Spotlight: Braid – No Coast

In the 16-odd years since Braid invigorated a generation of jaded teenagers with ‘Frame and Canvas’, an LP which regularly creeps-in alongside American Football and EndSerenading on many a ‘pioneering emo records’ Tumblr list, a lot has changed. Main-man Bob Nanna successfully discovered his real birth parents for starters; a union that revealed a rich musical lineage (referenced at the start of the bouncing ‘Light Crisis’), the kind of life-affirming event that you’d love to be able to write about if you’re 20 and trying to write a classic between a day job and a panic attack. To that end, Braid aren’t trying to sound like they’re still in 1993 anymore – these are dudes with mortgages and kids, writing music because it makes sense to them. It’s a grown-up album from grown-ups but addressed to everyone, whether you’re a well-versed veteran of the ‘90s sleeping-on-floors movement or a kid organising DIY basement shows after school. No Coast, in many respects, is the wise old owl. ‘I’ll tell you how it ends’, says secondary vocalist & guitarist Chris Broach dryly on the glorious ‘End End Hollows’.

braid-no-coast-coverBut, whilst Braid have been there and done that, there’s still a youthful, playful energy that elevates No Coast to being almost ‘jaunty’ – indeed, Nanna, Broach, Bell and Atkinson are like poster-boys for Friend Reunited at times, merrily twisting together seamlessly aimless polyrhythms into sing-a-long summer anthems. Lighter, catchier than Frame and Canvas, but every bit as cohesive. No, there’s no deep-seeded sense of bitterness or resentment here, despite the obvious themes of hollow friendship on ‘Many Enemies’ or the wry smile of the pulsating ‘Damages!’. Even then, the vivacity of the music is infectious, enough to paint a sun-kissed border around these rekindled moments of anxiety. Nanna and Broach collaborated in great detail to capture a sound that speaks to their both their Illinois upbringing and the angularity of their early discography, but were very careful not to have it falsely propped up by ideas and themes that they’ve long since outlived.

This attitude is chiefly reflected in No Coast’s rounded indie-punk edges, but you perhaps glean the most from subtle moments of self-indulgence. Note the nostalgic extra chorus that drops in at the end of the title track, a euphoric reprise that gives Broach and Nanna a few more precious seconds of jamming it out together like they used to. Broach’s sharp, nasal (kinda) delivery and Nanna’s unassuming penchant for swooning melodies is positively dizzying throughout, and affords No Coast with a variety to match the mazy nature of the stop-and-go time signatures prevalent most noticeably on ‘Put Some Wings on That Kid’ and ‘Lux’. Indeed, none of Braid’s love for complex song structures has been lost in the time they’ve been away, with spindling guitar licks and dancing fills worming their way between every last word. That’s another one too – words. No Coast is undoubtedly anecdotal, and ‘East End Hollows’ indicates that Braid have accepted that they cannot control how they’ll be perceived. ‘Another drink, another lifetime of regret. Another song so we can sing along’ we hear. It’s wrapped in ambiguity of course, but what I hear is a band conscientious of their reputation trying really hard not to fuck it up.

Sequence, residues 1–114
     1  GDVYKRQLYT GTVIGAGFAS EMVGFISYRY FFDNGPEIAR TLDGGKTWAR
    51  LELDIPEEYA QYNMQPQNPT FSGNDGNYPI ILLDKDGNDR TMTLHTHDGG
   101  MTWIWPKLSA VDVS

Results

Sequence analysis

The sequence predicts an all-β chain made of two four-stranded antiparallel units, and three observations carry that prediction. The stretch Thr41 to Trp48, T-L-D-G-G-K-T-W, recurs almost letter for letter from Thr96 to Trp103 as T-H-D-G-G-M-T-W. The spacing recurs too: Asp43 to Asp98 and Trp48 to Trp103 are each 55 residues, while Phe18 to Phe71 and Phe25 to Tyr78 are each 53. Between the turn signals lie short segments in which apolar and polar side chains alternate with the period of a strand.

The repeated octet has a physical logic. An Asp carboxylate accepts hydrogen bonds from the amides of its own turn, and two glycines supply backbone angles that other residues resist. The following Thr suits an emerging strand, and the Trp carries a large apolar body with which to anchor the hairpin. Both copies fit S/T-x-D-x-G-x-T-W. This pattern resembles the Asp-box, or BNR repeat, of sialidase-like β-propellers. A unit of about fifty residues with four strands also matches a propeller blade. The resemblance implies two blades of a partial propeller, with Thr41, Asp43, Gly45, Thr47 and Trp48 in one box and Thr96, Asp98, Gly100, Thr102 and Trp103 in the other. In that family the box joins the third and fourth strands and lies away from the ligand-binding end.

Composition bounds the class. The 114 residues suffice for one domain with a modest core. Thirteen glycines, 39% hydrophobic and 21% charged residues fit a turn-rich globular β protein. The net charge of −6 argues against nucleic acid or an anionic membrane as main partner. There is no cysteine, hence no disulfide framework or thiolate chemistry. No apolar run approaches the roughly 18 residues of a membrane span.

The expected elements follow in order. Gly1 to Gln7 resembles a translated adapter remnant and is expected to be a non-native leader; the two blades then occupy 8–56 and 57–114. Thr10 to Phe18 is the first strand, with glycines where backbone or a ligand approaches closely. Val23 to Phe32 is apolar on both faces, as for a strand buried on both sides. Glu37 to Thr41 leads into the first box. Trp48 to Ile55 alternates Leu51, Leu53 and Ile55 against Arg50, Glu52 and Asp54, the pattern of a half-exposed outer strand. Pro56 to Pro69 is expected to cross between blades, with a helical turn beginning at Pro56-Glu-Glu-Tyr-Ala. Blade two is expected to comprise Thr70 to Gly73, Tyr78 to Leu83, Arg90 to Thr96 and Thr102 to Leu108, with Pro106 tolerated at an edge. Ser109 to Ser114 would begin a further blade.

It’s that flight-or-fight response that inevitably spurs No Coast on like a whip to a thoroughbred. Here’s a band trying to reconnect with the people that gave them their street-cred by embracing their ordinary lives – not in a fawning ‘take me back, baby’ kinda way, but more in a ‘it’s been a while, dudes’ kinda way. It works, too, and at the same time a whole new generation of listeners will inevitably find themselves spiralling into the Braid backstory; a beautiful cycle that fits snugly into the highly-cultivated Topshelf mantra. For Braid themselves, they probably don’t see things in such perfect narrative dovetails if their iterative and patchwork methods are anything to go by. But, the driving candle-in-the-air closer ‘This is Not a Revolution’ is almost so on-the-nose that I start to doubt myself. What I think they’re saying, and this applies to how I feel about this record as a whole, is this: “Hey, we’re older and we’ve learnt a lot but we’re still in love with making music”.

Isaac Powell
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Isaac Powell

Isaac is Editor-in-Chief of Noted, and prefers his music loud and steaks rare. Lives and writes in Nottingham, England.
Isaac Powell
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